The Southwestern Historical Quarterly, Volume 105, July 2001 - April, 2002 Page: 294
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Southwestern Historical Quarterly
always been considered among [the] finest citizens" of bustling little
Springtown, located twenty-seven miles northwest of Fort Worth. The col-
lective hatred that provoked the violence remained so high in the com-
munity that no one even buried the women's bodies until several weeks or
months later when Texas Rangers collected the desiccated remains and
interred them in the local cemetery in unmarked graves. There are no
records indicating that a single one of the killers was ever indicted, pros-
ecuted, or convicted.2
Or at least the above narrative is one version of the story, encompassing
most of the essential, uncontested, grim facts of the massacre. Yet begin-
ning with the first newspaper accounts, nearly every aspect of this inci-
dent has been subject to extensive reinterpretation and revision. Local
historian Henry Smythe maintained a determined silence about the en-
tire affair in his 1877 Historical Sketch of Parker County and Weatherford,
Texas. John Grace dropped dark hints in his 1906 county history but also
refused to speak directly of the killings. The Weatherford Weekly Herald re-
counted Mrs. W. H. Brazil's very brief reminiscences about the hangings
in May 1913, but the first (known) complete version of the story of the
Hill family did not appear in print until 1920.3 It then was amplified and
detailed in a series of highly imaginative, self-defensive local histories and
narratives. Many of these accounts are not only riddled with factual errors
and inconsistent with one another on some of the major points of the
case but are refuted on important details by the histories of surrounding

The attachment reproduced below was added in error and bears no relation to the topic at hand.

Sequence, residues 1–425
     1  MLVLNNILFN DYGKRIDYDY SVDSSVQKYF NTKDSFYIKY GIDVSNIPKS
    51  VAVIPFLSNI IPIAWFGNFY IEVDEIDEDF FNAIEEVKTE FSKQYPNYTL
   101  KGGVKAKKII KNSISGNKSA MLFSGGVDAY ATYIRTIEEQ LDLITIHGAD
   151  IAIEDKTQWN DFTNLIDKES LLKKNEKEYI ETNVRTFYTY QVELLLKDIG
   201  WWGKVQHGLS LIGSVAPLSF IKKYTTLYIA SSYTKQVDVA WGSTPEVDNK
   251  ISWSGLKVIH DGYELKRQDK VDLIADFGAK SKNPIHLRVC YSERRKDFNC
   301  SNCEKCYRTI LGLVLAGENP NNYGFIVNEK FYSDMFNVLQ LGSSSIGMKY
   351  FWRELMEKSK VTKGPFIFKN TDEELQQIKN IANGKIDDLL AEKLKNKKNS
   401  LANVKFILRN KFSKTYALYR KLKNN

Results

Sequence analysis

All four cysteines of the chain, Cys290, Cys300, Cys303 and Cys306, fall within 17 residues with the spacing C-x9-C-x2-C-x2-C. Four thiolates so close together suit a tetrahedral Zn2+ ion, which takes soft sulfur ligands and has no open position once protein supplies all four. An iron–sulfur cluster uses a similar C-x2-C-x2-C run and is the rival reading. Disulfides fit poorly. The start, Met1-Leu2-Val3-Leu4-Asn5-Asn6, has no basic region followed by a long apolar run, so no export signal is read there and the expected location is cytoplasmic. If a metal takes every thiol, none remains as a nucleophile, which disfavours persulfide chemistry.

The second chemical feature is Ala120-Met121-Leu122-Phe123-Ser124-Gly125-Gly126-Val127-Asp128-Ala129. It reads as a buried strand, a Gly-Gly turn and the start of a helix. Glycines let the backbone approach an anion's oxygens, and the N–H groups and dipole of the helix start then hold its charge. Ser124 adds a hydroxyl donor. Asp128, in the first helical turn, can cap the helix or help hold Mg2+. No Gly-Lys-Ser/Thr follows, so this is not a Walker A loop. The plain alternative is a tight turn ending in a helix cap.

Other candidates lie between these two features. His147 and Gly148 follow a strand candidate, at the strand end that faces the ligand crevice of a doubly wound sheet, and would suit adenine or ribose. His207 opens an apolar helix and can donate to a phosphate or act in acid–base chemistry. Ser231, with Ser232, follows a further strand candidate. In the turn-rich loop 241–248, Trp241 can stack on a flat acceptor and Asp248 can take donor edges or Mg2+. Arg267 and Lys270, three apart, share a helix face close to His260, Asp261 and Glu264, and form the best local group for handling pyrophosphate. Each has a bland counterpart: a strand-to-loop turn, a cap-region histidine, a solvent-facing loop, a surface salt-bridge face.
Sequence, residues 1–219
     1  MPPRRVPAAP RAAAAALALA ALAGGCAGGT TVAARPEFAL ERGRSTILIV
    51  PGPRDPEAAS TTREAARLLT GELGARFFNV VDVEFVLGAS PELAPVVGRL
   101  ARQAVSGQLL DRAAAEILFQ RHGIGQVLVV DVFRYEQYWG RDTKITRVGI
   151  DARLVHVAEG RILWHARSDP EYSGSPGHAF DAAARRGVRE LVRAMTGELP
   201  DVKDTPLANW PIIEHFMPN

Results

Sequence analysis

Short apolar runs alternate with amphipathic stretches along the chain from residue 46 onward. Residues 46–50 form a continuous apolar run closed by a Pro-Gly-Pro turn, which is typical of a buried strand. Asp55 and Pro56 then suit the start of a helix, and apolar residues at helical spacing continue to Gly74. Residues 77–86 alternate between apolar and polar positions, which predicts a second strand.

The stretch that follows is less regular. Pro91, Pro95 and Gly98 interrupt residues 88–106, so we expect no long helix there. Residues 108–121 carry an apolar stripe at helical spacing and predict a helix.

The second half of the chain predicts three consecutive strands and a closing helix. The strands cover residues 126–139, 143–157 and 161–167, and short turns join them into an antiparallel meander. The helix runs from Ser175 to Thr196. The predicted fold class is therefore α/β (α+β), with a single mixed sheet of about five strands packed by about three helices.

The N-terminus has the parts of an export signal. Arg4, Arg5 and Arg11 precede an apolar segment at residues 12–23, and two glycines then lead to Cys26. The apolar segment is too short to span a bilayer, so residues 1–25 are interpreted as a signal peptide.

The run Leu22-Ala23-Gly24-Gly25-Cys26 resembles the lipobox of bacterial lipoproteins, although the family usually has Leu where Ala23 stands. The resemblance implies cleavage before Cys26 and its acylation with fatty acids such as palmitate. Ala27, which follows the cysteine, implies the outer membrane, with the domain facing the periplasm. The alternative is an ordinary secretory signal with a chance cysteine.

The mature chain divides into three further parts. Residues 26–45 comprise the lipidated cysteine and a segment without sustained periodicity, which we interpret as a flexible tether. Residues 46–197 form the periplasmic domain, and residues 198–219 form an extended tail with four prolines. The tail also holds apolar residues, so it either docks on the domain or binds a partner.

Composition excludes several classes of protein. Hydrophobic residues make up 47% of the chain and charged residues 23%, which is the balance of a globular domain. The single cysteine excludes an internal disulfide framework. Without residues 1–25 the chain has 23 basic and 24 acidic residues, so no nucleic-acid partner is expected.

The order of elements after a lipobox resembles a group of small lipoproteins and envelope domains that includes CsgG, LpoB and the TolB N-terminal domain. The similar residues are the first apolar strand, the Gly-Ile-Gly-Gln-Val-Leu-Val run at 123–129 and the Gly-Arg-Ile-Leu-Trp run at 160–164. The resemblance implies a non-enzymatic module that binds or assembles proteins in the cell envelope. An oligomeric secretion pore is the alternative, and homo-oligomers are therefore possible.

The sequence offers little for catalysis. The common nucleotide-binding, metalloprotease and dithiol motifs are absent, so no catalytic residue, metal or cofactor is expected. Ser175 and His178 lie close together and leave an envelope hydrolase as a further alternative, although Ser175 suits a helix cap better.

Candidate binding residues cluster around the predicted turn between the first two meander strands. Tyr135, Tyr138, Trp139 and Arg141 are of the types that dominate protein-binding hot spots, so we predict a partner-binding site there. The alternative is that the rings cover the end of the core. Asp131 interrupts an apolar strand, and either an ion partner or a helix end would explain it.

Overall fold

counties. A comparison of these contradictory accounts and the few avail-
able facts of the case suggest that after the first attempts to suppress the
story failed, several local historians and writers appear to have embarked
on an almost compulsive campaign to "demonize" the ill-fated Hill family
and to justify its destruction.
This deliberate manipulation and transformation of the facts of a distur-
bing local incident reveal the self-protective functions of a community's
Y Henry Smythe, Hzstoncal Sketch of Parker County and Weatherford, Texas (St. Louis: Louis C.
Lavat, 1877); John W. Nix, Hstory of Springtown, Parker County, and the Tale of Two Schools (Fort
Worth- Thomason & Morrow, 1945), 25 (quotation), Ehzabeth Roe to Sheldon F. Gauthier, c.
1938, interview, Tarrant County, District #7, Works Progress Administration Federal Writers'
Project, 1936-1940, <http://lcweb2.loc.gov/amhome.html> [Accessed Aug. 17, 2oo0].
According to Jeri Echeverria, "Parker County," in Ron Tyler et al. (eds.), The New Handbook of
Texas (6 vols.; Austin: Texas State Historical Association, 1996), V, 63-65, the last Indian raid
recorded in the county occurred in 1874. The Parker County courthouse burned early m the
morning of May 13, 1874, and all records were destroyed. "The fire was evidently the work of an
incendiary, as at the time, there was no fire used m any portion of the building," concluded
Smythe, 293. If there were any criminal proceedings against participants in the massacre, no
trace of them remains, nor is there any hint in the traditional stories that the vigilantes ever suf-
fered any legal penalty for the murders.
s Smythe, Hstorcal Sketch of Parker County and Weatherford, Texas; John S. Grace and R. B.Jones,
A New Hstory of Parker County (1906; reprint, Weatherford: Taylor, 1987), 133-134, 141;
Weatherford Weekly Herald, May 1, 1913.
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Texas State Historical Association. The Southwestern Historical Quarterly, Volume 105, July 2001 - April, 2002, periodical, 2001; Austin, Texas. (texashistory.unt.edu/ark:/67531/metapth101222/m1/324/: accessed November 19, 2018), University of North Texas Libraries, The Portal to Texas History, texashistory.unt.edu; crediting Texas State Historical Association.